Publication/Presentation Date

11-1-2015

Abstract

OBJECTIVE: To determine the effect of training intensity on thyroid function among female nonelite runners.

DESIGN: Internet-based survey of medical history and training and racing habits of female runners.

PARTICIPANTS: A total of 1222 female runners aged ≥35 years.

MAIN OUTCOME MEASURES: Self-reported diagnosis of hypothyroidism and details of training and racing.

RESULTS: Hypothyroidism was reported by 149 (12.2%). No characteristics of training intensity or duration, including average miles per week, training pace, or years of accumulated running were associated with thyroid dysfunction. Females who began running at or before age 10 were more likely to report a diagnosis of hypothyroidism versus those who began running at an older age (4.7% vs 1.5%, P = 0.018).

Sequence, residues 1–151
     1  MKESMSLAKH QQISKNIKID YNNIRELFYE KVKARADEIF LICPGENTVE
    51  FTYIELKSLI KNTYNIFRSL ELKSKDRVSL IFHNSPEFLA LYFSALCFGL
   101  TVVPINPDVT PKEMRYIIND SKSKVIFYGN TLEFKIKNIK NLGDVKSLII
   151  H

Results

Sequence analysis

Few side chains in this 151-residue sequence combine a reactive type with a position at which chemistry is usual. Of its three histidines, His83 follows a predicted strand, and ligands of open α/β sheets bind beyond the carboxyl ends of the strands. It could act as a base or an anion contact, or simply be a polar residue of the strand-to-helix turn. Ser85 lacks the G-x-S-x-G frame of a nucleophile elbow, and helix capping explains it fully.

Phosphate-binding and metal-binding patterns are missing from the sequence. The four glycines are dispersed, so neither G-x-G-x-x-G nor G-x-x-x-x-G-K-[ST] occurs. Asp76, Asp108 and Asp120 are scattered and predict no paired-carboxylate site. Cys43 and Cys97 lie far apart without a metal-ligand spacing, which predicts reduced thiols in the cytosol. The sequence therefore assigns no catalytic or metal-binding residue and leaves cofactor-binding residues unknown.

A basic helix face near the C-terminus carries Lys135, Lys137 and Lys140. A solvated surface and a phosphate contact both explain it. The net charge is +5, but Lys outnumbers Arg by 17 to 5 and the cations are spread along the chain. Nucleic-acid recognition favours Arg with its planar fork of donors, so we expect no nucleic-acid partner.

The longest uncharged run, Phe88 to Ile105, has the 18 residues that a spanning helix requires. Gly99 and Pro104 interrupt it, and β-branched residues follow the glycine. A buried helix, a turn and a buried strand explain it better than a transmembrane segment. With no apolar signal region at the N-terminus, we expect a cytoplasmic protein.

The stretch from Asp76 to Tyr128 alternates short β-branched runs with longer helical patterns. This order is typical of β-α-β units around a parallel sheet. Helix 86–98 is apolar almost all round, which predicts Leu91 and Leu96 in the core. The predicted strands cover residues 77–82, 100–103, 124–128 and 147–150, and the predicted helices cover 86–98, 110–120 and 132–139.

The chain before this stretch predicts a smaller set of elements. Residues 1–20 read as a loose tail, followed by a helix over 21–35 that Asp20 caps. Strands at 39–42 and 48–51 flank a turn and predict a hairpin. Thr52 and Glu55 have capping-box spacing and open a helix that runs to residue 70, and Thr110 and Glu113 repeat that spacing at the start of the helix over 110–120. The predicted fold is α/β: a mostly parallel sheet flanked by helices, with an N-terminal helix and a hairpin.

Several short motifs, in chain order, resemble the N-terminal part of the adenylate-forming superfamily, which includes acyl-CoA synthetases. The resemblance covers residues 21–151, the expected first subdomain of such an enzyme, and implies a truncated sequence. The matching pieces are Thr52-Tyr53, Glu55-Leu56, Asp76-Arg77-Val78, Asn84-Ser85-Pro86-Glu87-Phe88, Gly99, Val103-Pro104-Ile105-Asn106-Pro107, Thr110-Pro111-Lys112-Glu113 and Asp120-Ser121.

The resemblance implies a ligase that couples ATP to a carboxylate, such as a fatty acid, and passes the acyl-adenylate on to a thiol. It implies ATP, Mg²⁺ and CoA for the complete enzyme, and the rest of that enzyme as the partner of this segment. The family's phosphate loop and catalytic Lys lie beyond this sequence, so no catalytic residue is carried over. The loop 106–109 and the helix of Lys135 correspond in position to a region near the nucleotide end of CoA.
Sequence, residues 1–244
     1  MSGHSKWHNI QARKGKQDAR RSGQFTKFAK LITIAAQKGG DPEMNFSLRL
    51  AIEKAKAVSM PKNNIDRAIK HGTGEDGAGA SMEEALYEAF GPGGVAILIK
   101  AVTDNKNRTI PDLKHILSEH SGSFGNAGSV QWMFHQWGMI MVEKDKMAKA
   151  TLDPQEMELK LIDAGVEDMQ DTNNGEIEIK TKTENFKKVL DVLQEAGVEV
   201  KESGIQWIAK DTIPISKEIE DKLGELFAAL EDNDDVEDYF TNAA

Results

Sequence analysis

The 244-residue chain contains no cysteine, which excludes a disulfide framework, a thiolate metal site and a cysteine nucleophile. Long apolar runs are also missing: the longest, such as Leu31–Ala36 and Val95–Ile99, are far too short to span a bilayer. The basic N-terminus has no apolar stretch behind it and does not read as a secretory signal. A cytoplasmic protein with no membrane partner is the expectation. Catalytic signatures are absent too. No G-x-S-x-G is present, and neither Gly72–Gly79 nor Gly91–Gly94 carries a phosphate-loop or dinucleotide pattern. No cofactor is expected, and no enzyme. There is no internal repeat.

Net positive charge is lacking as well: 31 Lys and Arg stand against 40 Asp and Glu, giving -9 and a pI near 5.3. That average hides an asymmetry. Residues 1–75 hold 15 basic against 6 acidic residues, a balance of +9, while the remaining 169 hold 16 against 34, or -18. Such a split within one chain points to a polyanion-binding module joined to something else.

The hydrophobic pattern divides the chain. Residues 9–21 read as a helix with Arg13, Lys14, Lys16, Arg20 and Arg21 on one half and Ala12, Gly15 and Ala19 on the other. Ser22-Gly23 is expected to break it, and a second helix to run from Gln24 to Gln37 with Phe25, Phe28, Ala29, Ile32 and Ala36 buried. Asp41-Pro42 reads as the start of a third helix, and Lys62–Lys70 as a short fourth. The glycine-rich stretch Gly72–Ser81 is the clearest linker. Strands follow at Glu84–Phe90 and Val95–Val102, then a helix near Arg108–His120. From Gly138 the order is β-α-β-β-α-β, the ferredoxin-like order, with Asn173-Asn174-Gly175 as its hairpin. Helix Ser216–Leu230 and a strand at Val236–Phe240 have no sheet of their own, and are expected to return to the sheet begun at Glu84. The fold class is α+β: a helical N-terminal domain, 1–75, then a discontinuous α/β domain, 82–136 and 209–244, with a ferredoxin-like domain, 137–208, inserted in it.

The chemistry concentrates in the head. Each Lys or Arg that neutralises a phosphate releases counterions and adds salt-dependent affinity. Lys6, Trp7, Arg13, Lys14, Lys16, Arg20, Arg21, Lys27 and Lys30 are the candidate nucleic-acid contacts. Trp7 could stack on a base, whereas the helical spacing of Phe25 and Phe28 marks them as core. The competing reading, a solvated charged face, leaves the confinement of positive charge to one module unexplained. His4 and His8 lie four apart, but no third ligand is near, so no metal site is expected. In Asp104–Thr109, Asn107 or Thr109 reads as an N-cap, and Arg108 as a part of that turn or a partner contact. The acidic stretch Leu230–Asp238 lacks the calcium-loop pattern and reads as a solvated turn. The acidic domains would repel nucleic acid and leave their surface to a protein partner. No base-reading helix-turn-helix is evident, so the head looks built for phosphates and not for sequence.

CONCLUSIONS: Our results do not support the concept of overtraining-related hypothyroidism among nonelite female distance runners although our data demonstrated a 3-fold increase in hypothyroidism among those who began a career at or before age 10. Further study is required to confirm and determine a possible mechanism of this association.

Volume

25

Issue

6

First Page

551

Last Page

553

ISSN

1536-3724

Disciplines

Sports Sciences

PubMedID

25756700

Department(s)

Department of Medicine, Cardiology Division

Document Type

Article

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